 Noradrenergic agents:

stabilizers / anticonvulsants

clonidine, propranolol, guanfacine

 Atypical antipsychotic agents:

olanzapine

URGENT TRIAGE
Danger to self or others:
 Suicide / self harm  Homicide / harm to others  Inability to care for self - psychosis - severe depression - dementia
.

Danger - assess:
 Thought  Intent  Plan  Lethal means

SUICIDALITY RISK FACTORS
Completed suicide: Older white male Major depression Drug or alcohol abuse Chronic health problems Recent major loss Lives alone Prior attempts or ideation
.

Repeated suicide attempts: Young female Borderline personality Impulsivity Intimate relationship disrupted Prior attempts or ideation

7-STEP PRACTICAL FRONT-LINE SKILLS

"DRIVING ON THE WRONG SIDE OF THE ROAD"  This intervention has elements not traditionally part of conventional therapy

 More directive than psychodynamic therapy
 Goal is not to fix pathological defenses but

rather return people to pre-disaster state

PRINCPLES OF FRONT-LINE COUNSELING
PRACTICAL, LOGICAL, SIMPLE
 NOT deep psychotherapy  Based on empirical data, not assumption of psychopathology  May contain elements common to established therapies  Goal = return people to daily functioning  Basic support and restoration - solve immediate problem

FRONT-LINE COUNSELING SKILLS
7 elements of front-line counseling:
1) Being there / Supportive listening 2) Education & reassurance 3) Coping / Stress management 4) Problem solving 5) Find meaning & perspective 6) Symptom management 7) Observation & reassessment (referral)

1) BEING THERE / SUPPORTIVE LISTENING
 Be an anchor: genuine caring, physical comfort

 Listen to the stories
 Invite thoughts - gently probe details with interest - don't push the psychological - don't force feelings; let them come (and prepare for intense emotions)  Respect personal styles (e.g., touch, disclosure)

2) EDUCATION & REASSURANCE
A. For individuals without a psychiatric disorder Normalize the experience:
 Validate common emotional reactions  Disturbing feelings don't equal mental illness
- "normal responses to abnormal events"

 Most people don't develop mental illness - symptoms subside with time

EDUCATION & REASSURANCE
B. For individuals with a psychiatric disorder

Overcoming psychiatric stigma:
 Biological basis of persistent emotional changes and medication mechanisms  Many treatment options available - Treatment is effective

3) COPING & STRESS MANAGEMENT
 Lend permission to cry, feel bad, be nonproductive, focus on self for a period of time

 Regain control of some aspect; restore routine
 Utilize social supports  Positive self talk  Appropriate use of humor  Down time; relaxation; pleasurable activities  Self care (easy to neglect in crisis): sleep, meals, hygiene, exercise, habits, time off - balance

4) PROBLEM SOLVING
 Make a list; prioritize  Weigh advantages and disadvantages of potential choices

 Try new behaviors and develop new skills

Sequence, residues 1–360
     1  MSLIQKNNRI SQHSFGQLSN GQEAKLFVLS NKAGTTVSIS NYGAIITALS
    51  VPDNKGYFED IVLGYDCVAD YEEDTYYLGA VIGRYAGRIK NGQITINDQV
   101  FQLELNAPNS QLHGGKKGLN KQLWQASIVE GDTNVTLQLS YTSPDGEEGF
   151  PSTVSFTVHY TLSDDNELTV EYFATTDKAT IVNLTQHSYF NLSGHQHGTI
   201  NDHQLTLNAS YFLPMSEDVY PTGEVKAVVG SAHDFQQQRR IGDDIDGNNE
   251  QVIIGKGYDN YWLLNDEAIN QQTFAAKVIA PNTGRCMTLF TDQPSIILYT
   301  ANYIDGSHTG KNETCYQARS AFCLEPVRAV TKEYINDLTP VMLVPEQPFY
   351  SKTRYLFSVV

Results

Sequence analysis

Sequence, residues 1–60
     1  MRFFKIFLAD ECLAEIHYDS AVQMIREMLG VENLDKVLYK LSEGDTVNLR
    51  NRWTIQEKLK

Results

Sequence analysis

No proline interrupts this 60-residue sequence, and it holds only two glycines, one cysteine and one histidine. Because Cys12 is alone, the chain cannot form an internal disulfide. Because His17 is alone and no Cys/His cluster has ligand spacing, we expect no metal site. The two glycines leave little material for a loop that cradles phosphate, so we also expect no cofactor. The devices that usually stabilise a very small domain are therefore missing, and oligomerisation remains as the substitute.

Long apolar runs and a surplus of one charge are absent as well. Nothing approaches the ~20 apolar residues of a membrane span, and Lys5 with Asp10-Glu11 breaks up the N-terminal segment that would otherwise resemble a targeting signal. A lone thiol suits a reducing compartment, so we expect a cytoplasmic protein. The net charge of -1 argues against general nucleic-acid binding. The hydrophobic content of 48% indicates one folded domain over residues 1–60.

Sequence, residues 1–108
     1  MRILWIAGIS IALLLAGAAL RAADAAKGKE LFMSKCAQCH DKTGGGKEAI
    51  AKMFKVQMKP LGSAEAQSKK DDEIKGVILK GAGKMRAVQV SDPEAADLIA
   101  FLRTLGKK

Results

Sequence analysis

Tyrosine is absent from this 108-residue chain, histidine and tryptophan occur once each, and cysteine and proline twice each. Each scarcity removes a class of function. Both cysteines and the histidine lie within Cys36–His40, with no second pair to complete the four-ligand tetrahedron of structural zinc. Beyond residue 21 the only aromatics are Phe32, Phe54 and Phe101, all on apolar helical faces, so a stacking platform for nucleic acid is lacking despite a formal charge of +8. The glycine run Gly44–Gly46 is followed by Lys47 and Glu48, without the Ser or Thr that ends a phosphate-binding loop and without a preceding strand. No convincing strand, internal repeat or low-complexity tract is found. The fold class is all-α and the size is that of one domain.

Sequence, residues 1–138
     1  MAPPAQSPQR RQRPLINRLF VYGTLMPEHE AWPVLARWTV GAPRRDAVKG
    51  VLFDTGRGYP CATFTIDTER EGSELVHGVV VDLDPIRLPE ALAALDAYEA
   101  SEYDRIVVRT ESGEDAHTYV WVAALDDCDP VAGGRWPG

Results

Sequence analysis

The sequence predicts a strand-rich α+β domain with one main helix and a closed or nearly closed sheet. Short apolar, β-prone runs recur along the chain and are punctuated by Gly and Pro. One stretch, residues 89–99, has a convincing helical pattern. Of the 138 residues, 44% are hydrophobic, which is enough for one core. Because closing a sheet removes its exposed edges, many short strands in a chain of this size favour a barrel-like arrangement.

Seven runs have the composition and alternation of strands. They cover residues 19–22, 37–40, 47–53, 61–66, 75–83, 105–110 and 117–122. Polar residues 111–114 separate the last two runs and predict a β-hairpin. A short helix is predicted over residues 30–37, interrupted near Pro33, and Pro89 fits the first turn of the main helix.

 Try more than one approach; allows a backup if Plan A doesn't work  One step at a time - manageable units first  Keep sight of larger perspective and progress

5) FIND MEANING & PERSPECTIVE
 Natural part of the healing process
- Making meaning - Finding greater perspective in one's life

 Discover and respect personal values
- What is important to the individual - Be sensitive to "blaming the victim"

 Personal roles: victim, survivor
- Listen to the person's own language in self description

 Philosophy, spirituality

6) SYMPTOM MANAGEMENT TOOLS
B & D SYMPTOMS Intrusive memories Nightmares Flashbacks Insomnia Irritability / anger Hypervigilance Jumpy, easily startled MANAGEMENT TOOL Cognitive reframing, thought-stopping Systematic desensitization, lucid dreaming Cognitive reframing Sleep hygiene, systematic desensitization, relaxation, guided imagery Assertiveness training, relaxation Relaxation, cognitive reframing Relaxation, guided imagery

APPROACH TO THE C SYMPTOM PROFILE
Traumatic events challenge 3 basic life assumptions:

1. personal invulnerability
2. perception of the world as meaningful

3. view of the self as positive
C symptoms reflect inability to cope with shifts from these vital assumptions

PTSD = CHRONIC GROUP C SYMPTOMS
 People with only groups B & D symptoms recover early, leaving in chronic treatment mostly people with prominent C symptom profile (also usually accompanied by troublesome B & D symptoms)  Emotionally overwhelmed, cannot cope  "Checked out" emotionally - numb and distant  "Frozen" state  Not ready to re-encounter traumatic experience

 Therapies requiring them to face traumatic event before they are ready may retraumatize

APPROACH TO SYMPTOM MANAGEMENT - GROUP C
 For the group C profile, first consider antidepressant Rx - Reduces disabling C symptoms, permitting therapy

 For group C symptom profile, cognitive/behavioral procedures considered best therapy
- Do not focus on negative parts of avoidance (group C symptoms) directly - may retraumatize - Retrieve positive experiences in same specific content area as symptom (elicit polar opposite in same context)

APPROACH TO SYMPTOM MANAGEMENT - GROUP C
 Re-establish pre-disaster mental pathways to pleasant & positive memories
 Recover pleasant thoughts, feelings, & behaviors of past  3 domains for intervention: cognitive (think) emotional (feel) behavioral (act)  Task: recall pleasant memory of positive past experience

APPROACH TO SYMPTOM MANAGEMENT - GROUP C Principles of group C symptom profile management:
 Return a sense of mastery and sense of control to at least one
part of the individual's life

 Therapist and client/patient identify a target activity they agree
generates new or renewed self directedness.

 Goal: restore as much mastery and sense of control over
everyday existence as possible

 Only time will heal feelings of vulnerability and restore sense of
predictability of the world

SYMPTOM MANAGEMENT TOOLS - GROUP C
C SYMPTOM MANAGEMENT TOOL

Avoids thoughts Avoids reminders Event amnesia Loss of interest Detachment/ estrangement Restricted range of affect Sense of foreshortened future